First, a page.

Kate’s challenge and other bookish topics

My new posting schedule may turn out to look suspiciously like my old one …

I got some more books as Christmas gifts today. A friend of mine sends me books most years for Christmas and my birthday, and often they are late, which she apologizes for, but I like getting late presents. Why not spread out the fun a little bit? She sent me Marie Howe’s book of poems What the Living Do, which looks good, and it will do perfectly for when I’ve finished the Jane Kenyon collection I’m working on now. She also sent me Nancy Pearl’s Book Lust, which I’ve heard lots of good things about from bloggers but have never gotten a copy of. It promises to be a lot of fun.

But what I really wanted to post about was Kate’s Reading Across Borders Challenge, which I’d like to do, in some form or fashion. Out of the 56 books I read last year, 45 of them were written by authors born in America, Britain, or Canada. Of the 11 remaining, 3 of them were by people from other countries who write in English, so that leaves 8 books I read in translation, including 5 books translated from French, 1 from Japanese, 1 from Portuguese, and 1 from Turkish.

My reading goal for 2007 was to read more books in translation than I did last year, so that would be at least 9. I’ve listed 13 classics I’d like to read this year and some of them are translations, either 4 or 7 depending on whether I count the 4 volumes of Proust as 1 book or 4. But what I’m really interested in doing for Kate’s challenge is to read books from outside Europe — my classics in translation are all European, including Proust, Mann, Balzac, and Cervantes. So let’s say for Kate’s challenge, in addition to the European books in translation, I’ll read 5 translated books from countries outside Europe.  That will get me up to my goal, no matter how I count Proust.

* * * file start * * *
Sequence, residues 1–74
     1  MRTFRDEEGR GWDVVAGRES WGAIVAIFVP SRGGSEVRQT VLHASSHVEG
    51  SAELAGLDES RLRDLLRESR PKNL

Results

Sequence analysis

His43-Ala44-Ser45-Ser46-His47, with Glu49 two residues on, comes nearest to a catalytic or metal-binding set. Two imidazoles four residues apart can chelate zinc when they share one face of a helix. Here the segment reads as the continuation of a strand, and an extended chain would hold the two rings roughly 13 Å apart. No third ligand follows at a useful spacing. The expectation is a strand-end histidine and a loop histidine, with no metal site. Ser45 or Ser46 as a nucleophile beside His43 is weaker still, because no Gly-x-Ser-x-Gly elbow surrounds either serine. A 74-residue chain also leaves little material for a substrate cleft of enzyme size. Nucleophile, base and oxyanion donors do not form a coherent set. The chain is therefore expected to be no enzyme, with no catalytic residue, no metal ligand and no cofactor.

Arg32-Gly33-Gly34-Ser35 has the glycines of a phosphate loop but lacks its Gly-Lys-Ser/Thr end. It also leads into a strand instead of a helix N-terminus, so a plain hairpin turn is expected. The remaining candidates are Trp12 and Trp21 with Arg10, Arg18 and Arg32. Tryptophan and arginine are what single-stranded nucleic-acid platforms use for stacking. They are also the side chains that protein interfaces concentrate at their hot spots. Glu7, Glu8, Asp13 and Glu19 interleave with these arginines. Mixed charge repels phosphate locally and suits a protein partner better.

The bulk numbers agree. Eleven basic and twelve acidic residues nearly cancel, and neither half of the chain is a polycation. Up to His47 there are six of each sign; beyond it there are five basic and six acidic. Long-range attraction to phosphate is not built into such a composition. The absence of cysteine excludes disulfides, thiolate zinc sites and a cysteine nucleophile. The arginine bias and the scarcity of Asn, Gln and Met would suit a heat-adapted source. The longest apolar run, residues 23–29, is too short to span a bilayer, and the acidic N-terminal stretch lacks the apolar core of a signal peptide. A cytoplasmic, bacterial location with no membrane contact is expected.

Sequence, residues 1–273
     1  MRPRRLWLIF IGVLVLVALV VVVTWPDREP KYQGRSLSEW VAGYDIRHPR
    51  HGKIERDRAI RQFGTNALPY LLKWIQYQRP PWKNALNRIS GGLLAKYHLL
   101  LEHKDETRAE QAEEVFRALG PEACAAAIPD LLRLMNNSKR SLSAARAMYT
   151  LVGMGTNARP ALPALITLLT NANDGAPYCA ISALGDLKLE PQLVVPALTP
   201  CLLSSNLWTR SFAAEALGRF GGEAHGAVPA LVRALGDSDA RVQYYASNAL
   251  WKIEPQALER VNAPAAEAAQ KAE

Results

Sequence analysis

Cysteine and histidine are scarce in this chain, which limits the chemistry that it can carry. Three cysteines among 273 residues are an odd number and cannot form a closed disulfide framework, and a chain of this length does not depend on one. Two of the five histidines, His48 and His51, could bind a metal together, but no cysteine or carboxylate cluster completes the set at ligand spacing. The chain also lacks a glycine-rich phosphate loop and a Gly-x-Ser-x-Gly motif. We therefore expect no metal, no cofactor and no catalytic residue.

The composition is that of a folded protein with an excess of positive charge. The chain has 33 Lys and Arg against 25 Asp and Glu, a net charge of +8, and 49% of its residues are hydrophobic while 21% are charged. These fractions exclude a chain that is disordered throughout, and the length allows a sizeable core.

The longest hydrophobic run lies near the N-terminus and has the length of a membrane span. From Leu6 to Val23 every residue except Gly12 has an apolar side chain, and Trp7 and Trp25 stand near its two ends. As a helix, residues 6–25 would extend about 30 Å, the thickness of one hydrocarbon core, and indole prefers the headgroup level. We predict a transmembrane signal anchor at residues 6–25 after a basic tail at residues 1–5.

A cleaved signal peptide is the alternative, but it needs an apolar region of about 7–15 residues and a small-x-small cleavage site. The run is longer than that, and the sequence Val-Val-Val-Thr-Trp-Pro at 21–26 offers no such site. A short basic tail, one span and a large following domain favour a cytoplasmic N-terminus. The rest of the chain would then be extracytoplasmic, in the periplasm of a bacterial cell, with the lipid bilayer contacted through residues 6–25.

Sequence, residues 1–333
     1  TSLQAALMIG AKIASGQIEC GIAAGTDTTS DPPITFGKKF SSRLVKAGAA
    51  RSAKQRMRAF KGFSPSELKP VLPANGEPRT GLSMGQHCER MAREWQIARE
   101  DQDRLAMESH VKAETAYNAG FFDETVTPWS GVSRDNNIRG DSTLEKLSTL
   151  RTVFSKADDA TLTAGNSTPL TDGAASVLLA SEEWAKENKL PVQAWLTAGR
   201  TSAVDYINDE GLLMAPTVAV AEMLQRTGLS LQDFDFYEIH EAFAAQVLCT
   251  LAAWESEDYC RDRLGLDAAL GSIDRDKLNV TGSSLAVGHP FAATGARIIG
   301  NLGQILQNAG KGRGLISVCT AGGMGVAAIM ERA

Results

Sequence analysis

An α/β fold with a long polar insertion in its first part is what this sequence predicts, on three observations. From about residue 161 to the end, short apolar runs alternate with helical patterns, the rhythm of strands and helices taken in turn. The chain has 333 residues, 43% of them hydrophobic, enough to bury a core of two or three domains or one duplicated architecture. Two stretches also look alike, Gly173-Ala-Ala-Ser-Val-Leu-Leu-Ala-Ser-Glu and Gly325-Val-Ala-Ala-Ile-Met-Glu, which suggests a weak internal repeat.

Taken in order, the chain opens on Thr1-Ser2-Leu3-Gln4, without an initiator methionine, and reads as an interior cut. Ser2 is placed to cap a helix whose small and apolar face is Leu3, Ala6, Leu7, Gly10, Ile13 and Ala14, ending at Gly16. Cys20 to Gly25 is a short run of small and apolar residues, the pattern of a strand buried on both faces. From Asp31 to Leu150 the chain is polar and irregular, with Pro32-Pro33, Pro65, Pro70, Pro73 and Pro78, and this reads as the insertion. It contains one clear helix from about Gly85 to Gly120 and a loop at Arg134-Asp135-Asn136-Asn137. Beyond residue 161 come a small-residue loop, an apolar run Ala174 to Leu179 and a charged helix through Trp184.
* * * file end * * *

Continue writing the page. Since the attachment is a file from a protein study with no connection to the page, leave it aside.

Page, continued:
Which ones will I choose for my 5? I have no idea. I don’t want to specify and lose the chance to choose something spontaneously, so you will have to wait and see.

8 Comments

Filed under Books, Lists, Reading

8 responses to “Kate’s challenge and other bookish topics

  1. I’m sorry to say that I personally won’t be disappointed if you end up posting most days! 🙂 I like the idea of this, too. I might have to join in as well–as long as it can be done over the reading year! I am finding I am not too good at reading a certain number of books within a month or two time span. Of course it is fun thinking about it. Looking forward to seeing which books you choose!

    Like

  2. Or maybe I should say I am not sorry to say…but you get the idea.

    Like

  3. Thank you Danielle — I know what you mean! Do join the challenge — I like them when they are very flexible.

    Like

  4. I want to do Kate’s challenge too but have to think about which books, at least some of them, that I want to read. Your not saying which ones you plan on reading is agony you know for people like me who love book and reading lists! 🙂

    Like

  5. In the interest of easing Stefanie’s agony, and just in case you’re looking for recommendations, may I recommend Aunt Julia and the Scriptwriter by Mario Vargas Llosa,if you haven’t already read it? I’ve been thinking of re-reading it after nearly twenty years, and (now selfishly focusing on my own interests) I’ve been trying to decide whether or not I should. If you read it, I may get a better idea. (Maybe we should read it for our book discussion group and then take a field trip to Peru ;-)!) I remember it as being very, very funny.

    Like

  6. I love getting late gifts as well, especially for my birthday. It just spreads the celebration out longer and allows me time to oooh and aahhh over everything.

    Like

  7. Sorry Stefanie! 🙂 I’m just feeling like I shouldn’t name any more names because I have enough planned out as it is. But I will fill you in as soon as I can!

    Emily — thanks for the recommendation; I haven’t read Vargas Llosa and I really should — that would be perfect.

    I agree completely Carl!

    Like

  8. LK

    Who can argue with late gifts? 🙂

    Like

Leave a Reply

Fill in your details below or click an icon to log in:

WordPress.com Logo

You are commenting using your WordPress.com account. Log Out /  Change )

Google photo

You are commenting using your Google account. Log Out /  Change )

Twitter picture

You are commenting using your Twitter account. Log Out /  Change )

Facebook photo

You are commenting using your Facebook account. Log Out /  Change )

Connecting to %s